Note: Dr. James M. MacCullum, (1860 – 1943) was a Canadian ophthalmologist and one of the most important patrons to the Group of Seven. In 1911 Dr. MacCullum had built a cottage on an Island on Go Home Bay in Georgian Bay, personally naming it West Wind Island. MacCullum met the renowned Canadian artist Lawren Harris nearby as Harris was staying with friend Dr. David Gibb Wishart, who was also a doctor at the University of Toronto. Dr. James M. MacCullum soon met many of Harris’ artist friends purchasing works from them and inviting them to stay at his cottage in order to have easy access to Georgian Bay. Several Group of Seven members accepted Dr. MacCullum’s generous offer to stay at MacCullum’s cottage on occasion, resulting in a number of major works produced at Go Home Bay, by artists, Tom Thomson, J.E.H. Macdonald, Arthur Lismer and A.Y. Jackson.
Dr. MacCullum had financially sponsored both A.Y. Jackson(1914) and Tom Thomson for a year. Dr. MacCullum had also financed and paid for a quarter of the construction costs of the historic Studio Building in Toronto situated in Rosedale Valley on Severn St. The Studio Building was a permanent workspace for artists in Toronto. MacCullum became close friends with the Group of Seven artists. He was frequently visiting his artist friends at the Studio Building, as well as accompanying Group of Seven members on expeditions north, such as important trips to the Algoma region. Dr. James MacCullum died in 1943 leaving his large art collection to the National Gallery of Canada.
This rare and exceptional period work, Coldwell, Lake Superior, 1925, by A.Y Jackson was painted in the same year that Jackson travelled with Lawren Harris to Lake Superior to experience and paint the rugged remote landscape of the Northern Shore. As Jackson comments “Superior was very remote with a special light and the clouds were special.” Paul Duval, a renowned Canadian art historian and personal friend to the group of seven artists, describes Lake Superior Country “Here was a land almost barren, an unremitting wilderness of rocky hills, defoliated trees and a vast expanse of water, a challenging theme for any painter. 1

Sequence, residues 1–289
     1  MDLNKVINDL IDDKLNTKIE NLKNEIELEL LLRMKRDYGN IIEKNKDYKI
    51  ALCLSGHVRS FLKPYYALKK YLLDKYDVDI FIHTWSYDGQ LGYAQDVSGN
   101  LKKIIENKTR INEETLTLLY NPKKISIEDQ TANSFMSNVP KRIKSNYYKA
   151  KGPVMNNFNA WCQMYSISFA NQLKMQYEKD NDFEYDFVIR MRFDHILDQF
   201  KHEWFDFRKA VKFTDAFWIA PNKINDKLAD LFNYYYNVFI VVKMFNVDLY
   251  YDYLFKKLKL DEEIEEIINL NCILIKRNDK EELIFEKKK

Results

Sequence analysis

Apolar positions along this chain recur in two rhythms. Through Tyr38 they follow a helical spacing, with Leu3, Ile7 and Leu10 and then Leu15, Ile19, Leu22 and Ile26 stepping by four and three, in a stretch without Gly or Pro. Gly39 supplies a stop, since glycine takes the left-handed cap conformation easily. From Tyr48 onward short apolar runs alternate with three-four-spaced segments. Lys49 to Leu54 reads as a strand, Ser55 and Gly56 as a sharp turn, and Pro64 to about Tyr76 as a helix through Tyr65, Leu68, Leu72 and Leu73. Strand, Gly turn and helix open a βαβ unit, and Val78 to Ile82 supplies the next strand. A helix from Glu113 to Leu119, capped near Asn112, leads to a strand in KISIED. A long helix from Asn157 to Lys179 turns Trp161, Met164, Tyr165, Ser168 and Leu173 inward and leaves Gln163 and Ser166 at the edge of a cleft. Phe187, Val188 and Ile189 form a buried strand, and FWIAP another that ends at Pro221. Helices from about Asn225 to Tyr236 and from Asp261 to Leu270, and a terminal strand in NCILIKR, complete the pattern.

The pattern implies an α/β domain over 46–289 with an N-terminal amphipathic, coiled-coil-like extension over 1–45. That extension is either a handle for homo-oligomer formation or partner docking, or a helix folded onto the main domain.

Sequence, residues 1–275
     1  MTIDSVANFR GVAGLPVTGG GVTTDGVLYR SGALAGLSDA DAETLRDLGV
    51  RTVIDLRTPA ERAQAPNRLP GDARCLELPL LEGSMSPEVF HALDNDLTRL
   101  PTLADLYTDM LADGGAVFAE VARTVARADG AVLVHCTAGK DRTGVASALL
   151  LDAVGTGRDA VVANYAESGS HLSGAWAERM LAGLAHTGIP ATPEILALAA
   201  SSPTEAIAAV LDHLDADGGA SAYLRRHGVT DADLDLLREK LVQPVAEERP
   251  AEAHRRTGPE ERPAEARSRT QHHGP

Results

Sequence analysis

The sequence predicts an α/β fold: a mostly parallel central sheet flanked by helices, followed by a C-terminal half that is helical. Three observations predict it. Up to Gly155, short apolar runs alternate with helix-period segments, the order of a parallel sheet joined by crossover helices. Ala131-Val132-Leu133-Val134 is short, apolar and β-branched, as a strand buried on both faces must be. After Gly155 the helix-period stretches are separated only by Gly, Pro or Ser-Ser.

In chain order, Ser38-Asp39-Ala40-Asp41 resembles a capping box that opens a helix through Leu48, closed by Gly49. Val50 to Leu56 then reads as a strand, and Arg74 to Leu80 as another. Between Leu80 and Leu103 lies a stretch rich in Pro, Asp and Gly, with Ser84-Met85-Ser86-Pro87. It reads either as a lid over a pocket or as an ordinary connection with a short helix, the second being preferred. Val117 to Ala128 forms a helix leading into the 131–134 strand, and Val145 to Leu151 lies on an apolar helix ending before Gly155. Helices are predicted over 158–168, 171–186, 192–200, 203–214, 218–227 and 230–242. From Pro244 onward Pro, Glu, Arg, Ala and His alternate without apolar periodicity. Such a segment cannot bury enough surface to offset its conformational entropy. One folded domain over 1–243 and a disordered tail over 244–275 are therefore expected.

One can see a striking parallel between this terrific 1925 Coldwell, Lake Superior painting by Jackson and Lawren Harris’ painting titled Lake Superior Country, 1925, painted the same year. These two friends and renowned Canadian artists were likely side by side sketching this remote landscape. As Paul Duval notes “from a few bare tree trunks, rock bed and endless, unimpeded stretches of water and sky, these painters found the source for their timeless visions in paint.”
In Coldwell, Lake Superior, 1925, A.Y. Jackson is remarkably successful in conveying his deft impression of the first snowfall of winter and his profound experience of the cold remote northern landscape of Lake Superior. As A.Y. Jackson notes about the region of Lake Superior “I know of no more impressive scenery in Canada for the landscape painter. There is a sublime order to it, the long curves of the beaches, the sweeping ranges of hills, and headlands that push out into the lake. Inland there are intimate little lakes, stretches of muskeg, outcrops of rock: there is little soil for agriculture. In the autumn the whole country glows with colour; the huckleberry and the pink cherry turn crimson, the mountain ash is loaded with red berries, the poplar and the birch turn yellow and the tamarac greenish gold”2
1Paul Duval, Where the Universe Sings, Harris, Cerebrus Publishing, 2011, Pg. 234,
2A.Y. Jackson, A Painter’s Country, the Autobiography of A.Y Jackson, Clarke, Irwin and Company Limited, 1967, pg. 48,
“Lake Superior, I know of no more impressive scenery in Canada for the landscape painter. There is a sublime order to it, the long curves of the beaches, the sweeping ranges of hills, and headlands that push out into the lake.” ~ A.Y. Jackson, The Painters Country